Friday, December 2, 2022

Marriage: the Face of Culture – The Colour of Love Marriage: Rose?

Love at First Sight: India, popularly and traditionally known as Bharat, is named after king Bharat, a legendary ruler of India. There is a beautiful love story behind his birth. Poet Kaalidaasa rendered this story into a great drama in Sanskrit, Abhignaana Saakuntalam. It is based on the love marriage between King Dushyanta and Sakuntala. The king meets Sakuntala in a forest and lo! there is love at first sight. (Sakuntala’s parents deserted her soon after her birth and she was under the care of Saint Kanva in that forest.) Dushyanta expresses his desire to marry her and with her consent marries her instantly. They unite in conjugal love. The king wants to go back first and then send his people to fetch Sakuntala to his palace. A son was born to them and he is Bharat. Of course, the story takes twists and turns and finally ends happily and Bharat becomes the king.

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A Variety of Marriages: The point to note in this story is instant love marriage. King Dushyanta explains to Shakuntala that there are eight types of marriages, according to Hindu scriptures. The one which is widely practised today is Prajaapatya. Gaandharva is marriage among one category of angels viz, Gandhrvaas and it is “Love Marriage” in the sense the decision regarding marriage is taken by the adult and mature groom and bride only and not by others on their behalf. Obviously mutual love is the factor that united Sakuntala and Dushyanta in Gaandharva Marriage.

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Rukmini Kalyanam: The marriage between Lord Krishna and Rukmini is an example of another kind of marriage, viz, Rakshasa Marriage. In this type of marriage the bride is abducted by the groom and he marries her by force. The parents of Rukmini decide that their daughter should marry Shishupala, a prince of their choice. But Krishna comes and kidnaps Rukmini. The brother of Rukmini, Rukmi chases him and is defeated in war. (The exception in the story is that Rukmini sends for Krishna as she wants to marry him. So this is a love story with abduction as a part of it.)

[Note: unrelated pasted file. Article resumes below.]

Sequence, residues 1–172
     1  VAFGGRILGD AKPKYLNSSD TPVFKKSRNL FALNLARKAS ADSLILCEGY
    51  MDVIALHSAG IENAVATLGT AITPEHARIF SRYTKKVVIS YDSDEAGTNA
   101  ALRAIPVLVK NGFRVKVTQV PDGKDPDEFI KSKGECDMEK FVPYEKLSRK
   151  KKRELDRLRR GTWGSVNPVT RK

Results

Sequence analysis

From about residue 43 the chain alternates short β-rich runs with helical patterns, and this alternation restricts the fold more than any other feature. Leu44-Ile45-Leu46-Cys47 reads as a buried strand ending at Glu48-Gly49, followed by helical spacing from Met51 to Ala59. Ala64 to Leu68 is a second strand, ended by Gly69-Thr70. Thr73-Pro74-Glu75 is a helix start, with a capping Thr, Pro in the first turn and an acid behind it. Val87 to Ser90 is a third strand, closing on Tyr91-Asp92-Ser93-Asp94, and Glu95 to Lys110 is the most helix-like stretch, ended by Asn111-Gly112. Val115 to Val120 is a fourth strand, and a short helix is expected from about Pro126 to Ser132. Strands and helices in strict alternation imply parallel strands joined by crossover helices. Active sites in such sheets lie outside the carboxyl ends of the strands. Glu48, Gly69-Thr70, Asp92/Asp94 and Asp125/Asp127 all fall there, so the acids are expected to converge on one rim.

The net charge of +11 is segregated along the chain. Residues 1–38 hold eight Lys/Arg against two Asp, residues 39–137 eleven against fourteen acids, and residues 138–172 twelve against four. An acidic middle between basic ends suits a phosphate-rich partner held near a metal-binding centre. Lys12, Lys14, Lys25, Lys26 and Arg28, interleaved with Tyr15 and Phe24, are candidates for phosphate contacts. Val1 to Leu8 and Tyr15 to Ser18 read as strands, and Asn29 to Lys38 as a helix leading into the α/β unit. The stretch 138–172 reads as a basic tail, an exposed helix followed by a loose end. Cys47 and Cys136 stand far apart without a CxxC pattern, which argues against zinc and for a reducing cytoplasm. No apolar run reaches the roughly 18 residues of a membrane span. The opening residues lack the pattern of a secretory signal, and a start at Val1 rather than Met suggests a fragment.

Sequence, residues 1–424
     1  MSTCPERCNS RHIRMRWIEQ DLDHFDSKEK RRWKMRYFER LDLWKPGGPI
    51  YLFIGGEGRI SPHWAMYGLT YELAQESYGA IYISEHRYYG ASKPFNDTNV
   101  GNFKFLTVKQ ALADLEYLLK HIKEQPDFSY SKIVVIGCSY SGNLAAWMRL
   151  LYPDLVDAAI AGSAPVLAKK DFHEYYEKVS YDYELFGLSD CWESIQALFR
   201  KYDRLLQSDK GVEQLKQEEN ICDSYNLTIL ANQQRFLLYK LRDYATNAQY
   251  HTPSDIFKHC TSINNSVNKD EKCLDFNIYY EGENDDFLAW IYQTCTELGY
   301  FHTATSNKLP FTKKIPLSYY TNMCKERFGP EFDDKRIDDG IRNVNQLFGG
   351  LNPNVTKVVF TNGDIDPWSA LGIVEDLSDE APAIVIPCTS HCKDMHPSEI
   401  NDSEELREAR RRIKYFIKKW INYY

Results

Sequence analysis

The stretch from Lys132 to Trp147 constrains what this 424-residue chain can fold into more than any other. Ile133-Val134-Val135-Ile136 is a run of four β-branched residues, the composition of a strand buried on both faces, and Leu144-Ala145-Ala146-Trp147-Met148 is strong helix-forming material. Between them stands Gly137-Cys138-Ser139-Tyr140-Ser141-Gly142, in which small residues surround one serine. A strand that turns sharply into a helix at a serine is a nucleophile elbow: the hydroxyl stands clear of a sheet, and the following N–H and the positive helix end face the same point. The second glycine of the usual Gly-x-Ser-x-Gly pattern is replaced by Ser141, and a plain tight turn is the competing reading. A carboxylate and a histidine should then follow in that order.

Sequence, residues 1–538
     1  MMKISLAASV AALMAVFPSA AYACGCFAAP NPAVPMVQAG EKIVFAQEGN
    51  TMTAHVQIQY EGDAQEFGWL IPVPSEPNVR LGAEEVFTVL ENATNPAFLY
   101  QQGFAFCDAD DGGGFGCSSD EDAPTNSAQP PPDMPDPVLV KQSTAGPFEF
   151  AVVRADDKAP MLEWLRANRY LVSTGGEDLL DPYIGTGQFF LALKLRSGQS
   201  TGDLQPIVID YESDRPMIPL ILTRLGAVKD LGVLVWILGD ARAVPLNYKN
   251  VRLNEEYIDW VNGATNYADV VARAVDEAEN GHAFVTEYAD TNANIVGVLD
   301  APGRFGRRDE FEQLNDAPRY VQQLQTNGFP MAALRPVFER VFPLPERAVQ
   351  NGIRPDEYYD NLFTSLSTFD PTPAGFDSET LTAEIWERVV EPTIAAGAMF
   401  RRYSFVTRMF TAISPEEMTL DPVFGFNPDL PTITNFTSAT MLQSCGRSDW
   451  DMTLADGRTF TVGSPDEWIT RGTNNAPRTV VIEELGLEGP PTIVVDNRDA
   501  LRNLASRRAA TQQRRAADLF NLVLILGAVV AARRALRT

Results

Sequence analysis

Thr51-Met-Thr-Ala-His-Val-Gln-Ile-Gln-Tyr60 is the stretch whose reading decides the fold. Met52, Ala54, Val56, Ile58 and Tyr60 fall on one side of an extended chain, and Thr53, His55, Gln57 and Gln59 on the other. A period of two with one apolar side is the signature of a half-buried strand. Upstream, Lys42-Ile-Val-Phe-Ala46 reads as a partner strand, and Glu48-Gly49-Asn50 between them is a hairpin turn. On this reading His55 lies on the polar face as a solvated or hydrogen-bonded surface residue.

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Swan Diplomacy: In good old days King Nala loved Damayanti and the “go between” for them was a swan. Though four gods, enamored by the beauty of Damayanti, were in competition, the true love of Nala succeeded.

Well. There are a number of such stories about love marriages, from days of old to the present day, in any society and Indian society is no exception to it. The difference is only in the number, frequency and percentage. They constitute only about 5% of marriages in India in spite of the mobile and Internet chatting facilities.

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The Modern Indian Mind: The mental make-up of a present day Indian is a lot different from what it used to be a quarter century ago. Globalization brought in keener competition and greater awareness of men and matters. Today children spend more time in school and with home work than with parents. Some are away from them in Residential Schools and Colleges in the name of better career. This definitely weakens the intimacy and the empathy (which is like the protective ozone layer) between them. Only in the absence of this protective-loving-care the person is made to think of himself/herself.

The West: In the western societies children are cared for up to a certain age only and then they are left to live on their own. This makes one feel that he/she is an independent unit and it forms the root of love marriage, or finding a spouse by oneself. In the name of schooling, advancement and civilization, the traditional Indian mind is gradually getting alienated from its oneness with the native society and is moving more towards west and love marriage. Here one has to be cautious about infatuation, neurotic and sadistic feelings of love.

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Success of Love: People believe that love marriages will be more successful as they are based on mutual liking and understanding of each other. But more importantly, the couple should be mature enough to accommodate each other and practice patience to bring in compatibility and make love marriage successful. The irony is that it is very difficult to find out the existence of these qualities before marriage as one sees or shows only the better part of his/her personality to the loved one. So do see and find the colour behind the rose to be happy ever after.

Also read: Telugu Language

Rajendra Singh Baisthakur
Rajendra Singh Baisthakur
Rajendra Singh Baisthakur had been a Lecturer in English. He is a poet, critic and translator. His interests are Literature, Philosophy and social media.

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